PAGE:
In early 2005, three men lived quietly in Trousdale County, Tennessee. They were polite, if a little bit antisocial, preferring not to spend much time associating with their neighbors, and frequently traveling out of town. They owned a beautiful A-Frame house, complete with an elaborate entrance gate that had an intercom system. From outside, the $1 million dollar house appeared to be the ideal vacation home, with stylish swooping angles and large picture windows. However, this gorgeous house hid a deeper purpose for these three men, who had carefully planned and executed one of the largest marijuana growing operations that Tennessee has ever seen.
Meet the Mastermind
Fred Strunk (Age 63) was the undisputed mastermind behind the Tennessee growing operation, which had allowed him to live a luxurious and lavish lifestyle. He owned several expensive sports cars, also purchasing exquisite homes in both Florida and Tennessee. Over the years, Fred Strunk had been known by many other names, including Jerry R. West, Fred E. Grant and Fred E. Fox. He had many copies of false identification papers, which were designed to allow him to disappear from the police radar if needed.
Fred Strunk, Greg Compton and Brian Gibson were arrested in December of 2005 by Tennessee police, after reports of suspicious activity. Police raided the beautiful $1 million dollar house, which was located on a country road in the middle of the woods. To their surprise, once they entered the home, they found it to be completely bare, lacking any furniture, appliances and even curtains.
Like a scene out of a Hollywood movie, the police discovered a hidden door that was located in the garage. This door led down into a network of caves, which was over 250 feet long (which is almost the length of a full football field). These caverns were elaborately furnished with living quarters, showers, offices, and a huge area where over 1,000 marijuana plants were being grown. Needless to say, the police were shocked at the sophistication of this operation.
How They Did It
Later, the details about the underground marijuana growing operation run by the three men began to surface. Apparently, their growing facility was able to generate from 12 to 14 “crops” per year, with each crop being valued at approximately $500,000. This means that each year, these three men were making from $6 to $8 million dollars!
In order to process such a large crop, the men had to enlist outside help to package their product for distribution. For this, they hired a half-dozen Hispanic workers from Arizona, and picked them up in a van with covered windows. When the van neared Tennessee, the workers would be required to put on blindfolds, and then led into the underground cave. Once there, the blindfolds were removed, and they were allowed to begin working on harvesting the marijuana.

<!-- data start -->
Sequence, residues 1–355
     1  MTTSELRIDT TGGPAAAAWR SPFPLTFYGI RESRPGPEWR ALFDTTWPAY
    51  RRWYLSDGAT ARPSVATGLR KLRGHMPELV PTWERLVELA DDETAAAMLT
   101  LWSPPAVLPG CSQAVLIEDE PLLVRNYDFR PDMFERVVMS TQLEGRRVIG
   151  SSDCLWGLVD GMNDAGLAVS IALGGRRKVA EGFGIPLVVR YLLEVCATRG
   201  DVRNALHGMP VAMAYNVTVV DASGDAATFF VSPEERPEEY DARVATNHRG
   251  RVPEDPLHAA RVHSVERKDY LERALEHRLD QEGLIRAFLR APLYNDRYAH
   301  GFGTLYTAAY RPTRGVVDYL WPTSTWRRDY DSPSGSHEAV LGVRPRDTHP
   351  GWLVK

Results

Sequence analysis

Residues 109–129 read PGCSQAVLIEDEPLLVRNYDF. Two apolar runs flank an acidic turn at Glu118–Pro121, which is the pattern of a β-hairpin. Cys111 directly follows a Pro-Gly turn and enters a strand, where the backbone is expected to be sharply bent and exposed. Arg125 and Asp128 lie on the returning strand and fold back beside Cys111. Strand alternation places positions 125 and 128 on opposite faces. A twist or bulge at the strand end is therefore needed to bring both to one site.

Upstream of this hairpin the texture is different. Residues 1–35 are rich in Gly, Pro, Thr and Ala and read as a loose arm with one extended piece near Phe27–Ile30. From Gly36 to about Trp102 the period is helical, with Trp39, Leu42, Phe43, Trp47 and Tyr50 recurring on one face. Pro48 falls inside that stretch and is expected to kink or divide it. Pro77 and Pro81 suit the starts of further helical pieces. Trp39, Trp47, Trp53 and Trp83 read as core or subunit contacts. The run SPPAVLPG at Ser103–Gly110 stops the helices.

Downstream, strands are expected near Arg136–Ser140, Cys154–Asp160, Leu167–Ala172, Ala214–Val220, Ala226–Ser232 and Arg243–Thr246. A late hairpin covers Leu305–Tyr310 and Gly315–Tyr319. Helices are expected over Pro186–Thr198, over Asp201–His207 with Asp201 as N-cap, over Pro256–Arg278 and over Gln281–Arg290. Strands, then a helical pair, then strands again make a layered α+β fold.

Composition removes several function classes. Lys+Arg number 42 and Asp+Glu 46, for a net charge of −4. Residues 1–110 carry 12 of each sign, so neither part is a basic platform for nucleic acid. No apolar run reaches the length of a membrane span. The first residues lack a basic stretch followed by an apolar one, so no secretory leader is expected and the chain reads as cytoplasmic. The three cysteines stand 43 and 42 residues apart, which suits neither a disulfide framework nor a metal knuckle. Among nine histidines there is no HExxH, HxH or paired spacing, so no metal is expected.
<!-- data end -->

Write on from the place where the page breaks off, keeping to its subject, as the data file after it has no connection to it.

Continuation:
Upon further investigation, it was discovered that none of the men that were involved in the operation actually lived in Tennessee. In fact, they didn’t even sell their marijuana in Trousdale county, as they (correctly) assumed that this might cause suspicion. Instead, police investigators believe that they took their crop to other cities, perhaps including Nashville, which was 40 miles away from their location.
The Growing Facility
The method used to grow the marijuana relied on a hydroponic system, which is pictured here. This system was sophisticated enough to make maintaining the crops easier throughout their growth.
There were two separate areas that were used to grow the marijuana plants. One of these areas held from 500 to 600 immature plants, which were irrigated by long pipes with small holes for easy watering. This watering system also made the operation much more manageable for the three men.
The second area held maturing plants, which were nearing the age where they could be harvested. From 500 to 600 plants were usually kept inside of this room, with some of the plants being over six feet tall. After the mature plants were harvested, their buckets were re-used for immature plants.
The sophisticated light and climate control system kept the growing areas at 87 degrees, which allowed the plants to mature and grow much faster then they would in an outdoor environment. Every eight weeks, this facility was able to grow over 100 pounds of marijuana.
Beyond the growing plants there was a work area, which was most likely used for harvesting, processing and packaging the marijuana plants.